STOP IT. Just stop it. Can’t they just be kids, for cryin’ out loud?

And this is why it makes me a little bit sad. I was into the whole Santa thing for a long time and would have continued to be had my older brother not shown me the stash in Mom and Dad’s closet. And it probably happened at a reasonable age…eleven or twelve. An age when I had yet to learn about birth control (or even birth, for that matter) and had probably just seen my first boob on TV.

Mommy, do you believe in Santa?”

And I told her the story, a very true story, of when I was in a panic about not being able to get her what she really wanted for Christmas one year: The Disney Princess Vanity Table.

“Would you believe that I didn’t have enough money to buy you that gift? That I was around $50 short of being able to afford it? And that a very generous man I worked with handed out gift cards to our entire staff? That my gift card was worth $50?”

She smiled…”So, what happened?”

Of course, I got you that vanity table!”

I remember that!”

And just a few days ago, I got an unexpected bill in the mail. But I also received an unexpected gift yesterday that included a $100 bill.”

She put two and two together. “Santa did that?”

I think so.”

And so she believes. I do, too. It’s hard for me not to look at each coincidence as of late. The fact that financial aid paid for my APA Manual. The fact that Elle’s school daycare waived the December fees. The fact that my lawyer didn’t ask for a $5000 (yes, folks – five thousand dollars) re-hire fee. The fact that so many of my co-workers were kind enough to send me home with gifts for myself and my daughter.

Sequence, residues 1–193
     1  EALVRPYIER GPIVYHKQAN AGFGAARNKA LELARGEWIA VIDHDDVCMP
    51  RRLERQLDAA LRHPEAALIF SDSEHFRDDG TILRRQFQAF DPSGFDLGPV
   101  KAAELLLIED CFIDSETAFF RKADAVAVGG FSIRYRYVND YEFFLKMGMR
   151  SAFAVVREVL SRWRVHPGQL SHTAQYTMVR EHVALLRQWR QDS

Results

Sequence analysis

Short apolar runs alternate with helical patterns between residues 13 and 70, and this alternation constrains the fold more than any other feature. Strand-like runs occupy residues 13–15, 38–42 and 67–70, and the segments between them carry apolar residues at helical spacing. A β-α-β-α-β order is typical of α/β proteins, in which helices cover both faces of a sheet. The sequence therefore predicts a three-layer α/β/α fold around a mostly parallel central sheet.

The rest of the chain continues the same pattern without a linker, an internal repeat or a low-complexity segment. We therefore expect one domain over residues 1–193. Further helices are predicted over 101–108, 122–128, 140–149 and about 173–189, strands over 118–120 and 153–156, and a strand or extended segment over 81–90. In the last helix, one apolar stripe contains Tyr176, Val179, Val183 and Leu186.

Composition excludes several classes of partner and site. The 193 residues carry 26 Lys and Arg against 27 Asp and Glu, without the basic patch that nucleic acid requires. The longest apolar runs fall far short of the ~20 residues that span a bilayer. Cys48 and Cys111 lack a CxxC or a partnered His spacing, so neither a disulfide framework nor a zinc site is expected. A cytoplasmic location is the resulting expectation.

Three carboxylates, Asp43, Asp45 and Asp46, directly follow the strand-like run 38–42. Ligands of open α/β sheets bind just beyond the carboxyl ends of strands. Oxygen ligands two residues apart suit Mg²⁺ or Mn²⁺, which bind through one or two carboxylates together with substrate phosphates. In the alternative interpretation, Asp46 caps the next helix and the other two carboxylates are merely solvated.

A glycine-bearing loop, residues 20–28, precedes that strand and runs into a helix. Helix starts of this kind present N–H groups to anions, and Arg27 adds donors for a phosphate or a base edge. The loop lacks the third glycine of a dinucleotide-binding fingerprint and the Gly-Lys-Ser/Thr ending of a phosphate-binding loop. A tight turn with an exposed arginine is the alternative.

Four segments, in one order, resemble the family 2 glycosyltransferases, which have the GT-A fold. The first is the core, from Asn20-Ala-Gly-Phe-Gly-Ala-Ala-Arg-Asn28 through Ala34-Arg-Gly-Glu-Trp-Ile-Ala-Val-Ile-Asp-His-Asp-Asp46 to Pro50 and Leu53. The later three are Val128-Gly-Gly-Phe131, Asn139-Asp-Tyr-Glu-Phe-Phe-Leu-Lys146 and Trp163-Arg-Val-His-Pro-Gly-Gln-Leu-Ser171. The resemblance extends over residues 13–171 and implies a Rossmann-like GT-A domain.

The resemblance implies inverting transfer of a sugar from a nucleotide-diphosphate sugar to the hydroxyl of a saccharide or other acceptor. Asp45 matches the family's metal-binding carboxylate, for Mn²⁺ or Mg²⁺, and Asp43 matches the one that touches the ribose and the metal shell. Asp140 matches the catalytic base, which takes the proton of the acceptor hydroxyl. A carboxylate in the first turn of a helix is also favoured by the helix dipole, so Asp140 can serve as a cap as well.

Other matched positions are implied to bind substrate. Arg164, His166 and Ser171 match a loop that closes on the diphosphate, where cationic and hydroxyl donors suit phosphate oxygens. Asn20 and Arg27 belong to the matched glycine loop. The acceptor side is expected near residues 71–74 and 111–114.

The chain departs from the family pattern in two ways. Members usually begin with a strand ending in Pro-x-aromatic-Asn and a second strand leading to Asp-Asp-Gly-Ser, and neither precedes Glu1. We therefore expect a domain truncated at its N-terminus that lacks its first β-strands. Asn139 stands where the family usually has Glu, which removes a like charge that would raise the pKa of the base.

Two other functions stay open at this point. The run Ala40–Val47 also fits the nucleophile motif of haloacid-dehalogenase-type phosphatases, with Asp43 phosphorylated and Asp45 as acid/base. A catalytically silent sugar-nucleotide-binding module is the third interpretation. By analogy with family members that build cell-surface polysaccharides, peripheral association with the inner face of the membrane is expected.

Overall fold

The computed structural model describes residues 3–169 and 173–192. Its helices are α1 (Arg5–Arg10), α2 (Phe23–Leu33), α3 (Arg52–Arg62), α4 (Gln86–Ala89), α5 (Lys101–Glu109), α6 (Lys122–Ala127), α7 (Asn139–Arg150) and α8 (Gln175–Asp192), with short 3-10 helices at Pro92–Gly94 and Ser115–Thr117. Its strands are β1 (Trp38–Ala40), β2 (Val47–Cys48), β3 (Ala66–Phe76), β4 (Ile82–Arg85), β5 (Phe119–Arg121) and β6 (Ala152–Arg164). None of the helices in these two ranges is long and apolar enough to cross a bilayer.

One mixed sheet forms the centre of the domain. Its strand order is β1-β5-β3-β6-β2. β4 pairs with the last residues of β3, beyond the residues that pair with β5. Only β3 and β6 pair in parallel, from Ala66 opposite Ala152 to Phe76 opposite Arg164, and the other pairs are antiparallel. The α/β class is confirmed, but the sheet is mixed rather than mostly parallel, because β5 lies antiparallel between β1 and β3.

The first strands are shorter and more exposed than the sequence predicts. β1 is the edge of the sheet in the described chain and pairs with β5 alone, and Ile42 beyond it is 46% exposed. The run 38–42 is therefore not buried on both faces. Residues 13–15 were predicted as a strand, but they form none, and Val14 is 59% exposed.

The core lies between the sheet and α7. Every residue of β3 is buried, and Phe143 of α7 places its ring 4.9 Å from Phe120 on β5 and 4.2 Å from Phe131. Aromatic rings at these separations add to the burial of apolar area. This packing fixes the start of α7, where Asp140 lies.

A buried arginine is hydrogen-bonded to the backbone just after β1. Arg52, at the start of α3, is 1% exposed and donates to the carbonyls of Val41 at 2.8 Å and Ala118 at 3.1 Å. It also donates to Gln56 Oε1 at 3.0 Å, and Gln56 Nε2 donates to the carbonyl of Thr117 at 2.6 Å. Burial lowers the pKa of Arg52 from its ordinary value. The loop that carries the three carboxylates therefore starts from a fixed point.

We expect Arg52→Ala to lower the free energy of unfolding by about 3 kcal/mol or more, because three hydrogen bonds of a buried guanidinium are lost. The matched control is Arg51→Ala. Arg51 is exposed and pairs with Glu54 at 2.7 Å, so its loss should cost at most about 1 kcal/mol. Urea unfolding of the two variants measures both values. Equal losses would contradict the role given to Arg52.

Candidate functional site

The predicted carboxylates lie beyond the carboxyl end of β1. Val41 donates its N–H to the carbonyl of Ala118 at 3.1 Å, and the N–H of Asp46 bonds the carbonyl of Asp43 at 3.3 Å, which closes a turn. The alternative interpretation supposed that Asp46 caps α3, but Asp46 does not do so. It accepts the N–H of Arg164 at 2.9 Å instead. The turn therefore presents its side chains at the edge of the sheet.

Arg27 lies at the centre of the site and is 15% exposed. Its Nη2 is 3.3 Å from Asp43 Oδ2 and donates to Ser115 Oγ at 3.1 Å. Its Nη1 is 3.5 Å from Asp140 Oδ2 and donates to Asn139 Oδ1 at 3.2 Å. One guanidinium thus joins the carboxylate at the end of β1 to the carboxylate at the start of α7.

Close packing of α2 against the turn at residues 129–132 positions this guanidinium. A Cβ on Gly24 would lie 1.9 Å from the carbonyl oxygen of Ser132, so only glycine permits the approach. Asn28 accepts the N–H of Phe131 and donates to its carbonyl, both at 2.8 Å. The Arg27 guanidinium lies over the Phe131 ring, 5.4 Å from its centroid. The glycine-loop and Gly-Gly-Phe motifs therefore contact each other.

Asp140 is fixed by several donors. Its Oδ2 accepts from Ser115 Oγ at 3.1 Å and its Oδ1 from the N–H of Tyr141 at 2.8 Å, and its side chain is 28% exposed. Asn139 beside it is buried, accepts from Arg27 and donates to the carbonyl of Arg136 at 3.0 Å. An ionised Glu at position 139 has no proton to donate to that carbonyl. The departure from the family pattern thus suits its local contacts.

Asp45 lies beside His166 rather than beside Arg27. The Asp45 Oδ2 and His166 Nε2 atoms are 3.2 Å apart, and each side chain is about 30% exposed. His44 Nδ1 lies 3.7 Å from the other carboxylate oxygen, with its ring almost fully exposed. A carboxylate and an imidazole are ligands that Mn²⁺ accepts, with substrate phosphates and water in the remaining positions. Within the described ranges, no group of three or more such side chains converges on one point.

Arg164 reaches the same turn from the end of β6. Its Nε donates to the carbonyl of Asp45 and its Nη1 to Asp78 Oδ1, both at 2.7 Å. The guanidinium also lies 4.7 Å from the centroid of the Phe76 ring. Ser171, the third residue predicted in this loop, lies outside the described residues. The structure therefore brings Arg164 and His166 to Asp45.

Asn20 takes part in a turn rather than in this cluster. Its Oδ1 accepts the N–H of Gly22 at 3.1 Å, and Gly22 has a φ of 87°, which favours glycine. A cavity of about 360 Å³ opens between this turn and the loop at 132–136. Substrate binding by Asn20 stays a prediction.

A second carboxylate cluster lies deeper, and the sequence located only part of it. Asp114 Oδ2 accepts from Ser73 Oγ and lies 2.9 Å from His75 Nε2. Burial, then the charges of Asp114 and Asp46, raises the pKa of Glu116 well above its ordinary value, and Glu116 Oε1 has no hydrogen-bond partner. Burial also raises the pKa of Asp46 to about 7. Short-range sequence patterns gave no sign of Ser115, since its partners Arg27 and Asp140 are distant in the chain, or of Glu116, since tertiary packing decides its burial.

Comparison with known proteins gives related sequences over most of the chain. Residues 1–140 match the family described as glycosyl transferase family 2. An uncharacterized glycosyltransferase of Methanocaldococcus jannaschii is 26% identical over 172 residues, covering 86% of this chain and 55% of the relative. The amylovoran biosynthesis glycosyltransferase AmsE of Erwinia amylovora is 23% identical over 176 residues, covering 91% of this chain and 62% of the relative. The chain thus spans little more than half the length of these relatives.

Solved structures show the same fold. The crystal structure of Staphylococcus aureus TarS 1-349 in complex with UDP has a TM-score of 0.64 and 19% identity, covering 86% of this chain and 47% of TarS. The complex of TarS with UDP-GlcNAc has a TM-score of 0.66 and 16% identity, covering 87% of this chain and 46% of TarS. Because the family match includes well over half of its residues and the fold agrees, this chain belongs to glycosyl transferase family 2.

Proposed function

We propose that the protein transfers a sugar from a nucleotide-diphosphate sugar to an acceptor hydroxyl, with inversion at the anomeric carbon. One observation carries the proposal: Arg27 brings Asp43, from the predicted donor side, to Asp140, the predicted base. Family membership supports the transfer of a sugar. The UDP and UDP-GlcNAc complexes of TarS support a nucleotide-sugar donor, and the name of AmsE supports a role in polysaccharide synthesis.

My obvious issue is money. But around this time of year, it’s not the money, or lack of money, that bothers me. I live year-round with very little of it, as it is. It’s the stress that having no money puts on me by forcing me to choose between two gifts I know she really wants and can only be justified by wrapping it in Christmas paper and ribbon. It’s that time of year when I can give her all the things that she wants because she already has everything she needs. It’s the joy I see on her face when she opens the box and looks at me with a smile and talks to me with her eyes…”I’ve waited all year for this. Thank you, Mommy.”

That is what Santa gave me this year. A worry-free Christmas.